#1
for all you electronics wizzes out there.

when you design a stomp box, whether it be a compressor, od, fuzz, delay, etc...what is your process? do you start with a tried and true schematic, then change the component values? im also curious, when youre designing from the ground up, i suppose youre after a certain wave in the end result, and that would answer the question, "why and where do you use 'x value capacitor' or 'x value resistor'." am i correct in my assumption? or is there another way?
My Rig

Epiphone Les Paul Standard Plus Top Honey Burst
Fender MIM Stratocaster Ash Natural
Crate v18 2x12
Eleven Rack
Catalinbread Dirty Little Secret
BBE Sonic Stomp
BMP with Tone Wicker
Dunlop Cry Baby
#2
First thing a guitar signal is way way more complex than a sine wave.

When looking and designing pedals it is good to show and apply changes to a sine wave though. They are so simple and using them for examples and basic principles is great. Sine waves are great for showing clipping and how it works.

As for designing pedals I find what works good is starting with a tried and true design. Change parts here and there and find out exactly what each is doing. From there tweak values and material types. Add little ideas you have seen in other designs that you think or neat or try to implement one of your own ideas.

This works well for me... In the end your design may be nothing like the design you started with and totally different and you can call it your own.

There are tons of great circuit simulators out there too, check em out.
#3
Designing a pedal around a sine wave would be like making a sculpture based on how it smells. A sine wave is a picture of a sound. It's a cool analysis tool, but using your ears is far more important than your eyes.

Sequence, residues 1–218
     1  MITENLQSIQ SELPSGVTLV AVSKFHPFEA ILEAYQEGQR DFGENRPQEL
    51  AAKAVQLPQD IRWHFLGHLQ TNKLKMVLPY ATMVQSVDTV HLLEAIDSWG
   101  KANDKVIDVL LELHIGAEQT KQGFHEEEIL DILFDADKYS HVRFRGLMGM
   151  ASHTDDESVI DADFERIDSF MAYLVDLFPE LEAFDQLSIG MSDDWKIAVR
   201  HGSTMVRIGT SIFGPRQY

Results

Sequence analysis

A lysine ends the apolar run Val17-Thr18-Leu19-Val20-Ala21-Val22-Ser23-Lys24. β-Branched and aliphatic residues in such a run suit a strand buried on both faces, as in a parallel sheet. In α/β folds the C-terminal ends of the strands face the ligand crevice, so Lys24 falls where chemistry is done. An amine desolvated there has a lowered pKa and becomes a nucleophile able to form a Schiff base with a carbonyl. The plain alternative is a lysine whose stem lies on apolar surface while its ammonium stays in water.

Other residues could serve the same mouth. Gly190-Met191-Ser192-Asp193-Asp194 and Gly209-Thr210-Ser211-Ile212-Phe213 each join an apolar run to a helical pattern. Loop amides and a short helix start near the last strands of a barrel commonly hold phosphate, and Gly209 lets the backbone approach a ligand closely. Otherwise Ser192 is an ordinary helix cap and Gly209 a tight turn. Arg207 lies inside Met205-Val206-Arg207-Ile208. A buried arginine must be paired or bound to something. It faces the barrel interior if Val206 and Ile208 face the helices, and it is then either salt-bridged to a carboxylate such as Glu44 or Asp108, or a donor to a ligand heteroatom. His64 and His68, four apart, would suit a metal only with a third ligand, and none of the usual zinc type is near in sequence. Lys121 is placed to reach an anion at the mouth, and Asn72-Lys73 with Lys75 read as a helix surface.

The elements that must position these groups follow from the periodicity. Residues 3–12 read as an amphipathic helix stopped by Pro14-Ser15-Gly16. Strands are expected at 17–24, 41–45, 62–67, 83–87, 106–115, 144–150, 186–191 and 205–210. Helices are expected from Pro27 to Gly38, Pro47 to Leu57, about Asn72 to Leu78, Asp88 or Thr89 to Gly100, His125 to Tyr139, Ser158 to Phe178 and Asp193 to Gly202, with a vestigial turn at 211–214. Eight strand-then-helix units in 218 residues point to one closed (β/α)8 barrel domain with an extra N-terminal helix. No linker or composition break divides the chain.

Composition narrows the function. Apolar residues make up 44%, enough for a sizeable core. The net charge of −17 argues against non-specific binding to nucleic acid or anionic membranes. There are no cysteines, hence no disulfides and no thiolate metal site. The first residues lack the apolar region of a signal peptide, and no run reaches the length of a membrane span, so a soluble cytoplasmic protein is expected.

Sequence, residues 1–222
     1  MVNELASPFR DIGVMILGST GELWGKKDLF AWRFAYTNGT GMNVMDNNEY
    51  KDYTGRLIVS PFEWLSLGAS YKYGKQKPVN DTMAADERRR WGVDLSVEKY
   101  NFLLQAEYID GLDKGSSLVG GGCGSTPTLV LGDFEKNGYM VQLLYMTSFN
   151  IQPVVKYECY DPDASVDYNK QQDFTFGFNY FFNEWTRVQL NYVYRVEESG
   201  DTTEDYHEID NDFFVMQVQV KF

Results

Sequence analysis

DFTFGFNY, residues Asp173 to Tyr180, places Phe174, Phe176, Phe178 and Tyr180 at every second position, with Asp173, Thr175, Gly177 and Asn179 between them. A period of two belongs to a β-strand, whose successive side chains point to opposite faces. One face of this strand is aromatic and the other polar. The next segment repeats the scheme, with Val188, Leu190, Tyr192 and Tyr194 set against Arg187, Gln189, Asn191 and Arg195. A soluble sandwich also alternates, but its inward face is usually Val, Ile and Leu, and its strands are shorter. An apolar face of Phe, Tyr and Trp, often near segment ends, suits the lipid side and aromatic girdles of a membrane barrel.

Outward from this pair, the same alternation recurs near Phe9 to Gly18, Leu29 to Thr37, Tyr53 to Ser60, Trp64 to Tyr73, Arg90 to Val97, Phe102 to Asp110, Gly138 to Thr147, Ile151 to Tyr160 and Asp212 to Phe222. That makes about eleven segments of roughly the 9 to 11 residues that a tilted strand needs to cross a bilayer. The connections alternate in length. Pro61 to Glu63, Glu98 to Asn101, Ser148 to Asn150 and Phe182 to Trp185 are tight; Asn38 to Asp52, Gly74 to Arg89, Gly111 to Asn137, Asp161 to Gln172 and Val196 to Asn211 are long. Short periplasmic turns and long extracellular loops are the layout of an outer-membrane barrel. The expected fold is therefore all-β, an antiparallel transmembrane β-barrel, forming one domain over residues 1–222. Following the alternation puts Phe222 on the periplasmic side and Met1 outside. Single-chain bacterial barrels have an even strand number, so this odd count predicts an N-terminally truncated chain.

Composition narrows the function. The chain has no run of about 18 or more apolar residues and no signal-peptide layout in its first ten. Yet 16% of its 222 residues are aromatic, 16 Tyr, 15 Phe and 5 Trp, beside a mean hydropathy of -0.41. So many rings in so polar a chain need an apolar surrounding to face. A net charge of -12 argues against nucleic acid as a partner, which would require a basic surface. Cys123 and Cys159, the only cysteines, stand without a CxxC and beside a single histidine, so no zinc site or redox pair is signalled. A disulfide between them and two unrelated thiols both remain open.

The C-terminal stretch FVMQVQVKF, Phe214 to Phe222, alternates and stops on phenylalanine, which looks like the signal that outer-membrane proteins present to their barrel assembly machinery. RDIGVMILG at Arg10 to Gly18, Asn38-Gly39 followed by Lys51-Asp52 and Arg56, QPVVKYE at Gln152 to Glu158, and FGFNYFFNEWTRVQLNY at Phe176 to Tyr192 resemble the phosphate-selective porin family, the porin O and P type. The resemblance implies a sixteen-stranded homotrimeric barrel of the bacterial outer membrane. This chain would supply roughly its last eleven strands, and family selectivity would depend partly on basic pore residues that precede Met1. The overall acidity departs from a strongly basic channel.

I do different things for different designs. With something I don't have much experience with, like say a reverb unit, I'll look at existing designs and then mutate those to my liking. With something I'm more comfortable and familiar with- like a Jazz amp- I'll start with an idea of the final product and then build it from the ground up.
"ground up" is a misnomer though- there are certain conventions that need to be followed, and so that means that everything is in some way based on some other work that's come before.

"To make an apple pie from scratch, you must first create a new universe" -Carl Sagan
#4
Ground up you will still be using snippets of other designs. If you have no experience at this best to start with proven designs then go from there. But beware there are many schematics out there with flaws etc. Usually you change values seeking a specific tone or customizing for your set up.
#5
i see, thanks for the help. it all makes sense, you cant always re-invent the wheel. i just feel like i have no talent, when im using someone elses design. BUT, im definatly going to push the envelope with changing things. Maybe combining effects.

thanks again!
My Rig

Epiphone Les Paul Standard Plus Top Honey Burst
Fender MIM Stratocaster Ash Natural
Crate v18 2x12
Eleven Rack
Catalinbread Dirty Little Secret
BBE Sonic Stomp
BMP with Tone Wicker
Dunlop Cry Baby